As bankruptcy lawyers, we’re required to collect them from our clients and funnel them to the trustee.
But, are you reading them?
Often, as a former employee used to say, they’re dry as dinosaur bones.
But almost as equally, they provide new information or clues about assets and activities of your client not previously disclosed.
Found in the tax return
Let’s start a list of things you might find perusing your client’s 1040:
- Interest income- does the list of payors match the scheduled accounted or accounts closed in the last year?
- Distributions from retirement accounts
- Gains or losses from sales of stock
- Total income for the year for the SOFA entry
- Investment real estate
- Charitable contributions- useful perhaps for means test purposes, and for SOFA transfers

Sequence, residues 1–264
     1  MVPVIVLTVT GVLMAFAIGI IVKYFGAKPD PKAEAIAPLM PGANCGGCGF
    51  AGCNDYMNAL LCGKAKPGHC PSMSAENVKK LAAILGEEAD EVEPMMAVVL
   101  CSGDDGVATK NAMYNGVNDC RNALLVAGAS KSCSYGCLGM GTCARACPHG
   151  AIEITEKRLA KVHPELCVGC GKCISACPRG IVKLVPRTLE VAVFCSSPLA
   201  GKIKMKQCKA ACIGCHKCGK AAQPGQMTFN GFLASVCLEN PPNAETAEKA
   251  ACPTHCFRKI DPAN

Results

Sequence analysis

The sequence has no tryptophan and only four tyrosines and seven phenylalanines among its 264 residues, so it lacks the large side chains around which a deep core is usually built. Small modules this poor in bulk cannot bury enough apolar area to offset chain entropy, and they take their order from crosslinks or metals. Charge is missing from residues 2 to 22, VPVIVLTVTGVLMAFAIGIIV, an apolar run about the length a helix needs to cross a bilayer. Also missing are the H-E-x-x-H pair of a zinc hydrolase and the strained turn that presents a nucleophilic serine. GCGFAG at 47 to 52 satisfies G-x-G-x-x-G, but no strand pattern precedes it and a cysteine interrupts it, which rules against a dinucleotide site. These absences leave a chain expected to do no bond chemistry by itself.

- Business expenses – useful in projecting net income; remember to exclude depreciation for bankruptcy purposes
- Interests in partnerships or estates
- Form 1099 from debt settlement or foreclosures
- Business assets subject to depreciation
- Dividend income
- Student loan interest
The plot line in a tax return doesn’t usually make scintillating reading, but it’s worth doing. There’s no feeling quite as foolish as encountering questions at the 341 meeting that the trustee got from reading the return when you haven’t.
Image courtesy of Makuahine Pa’i Ki’i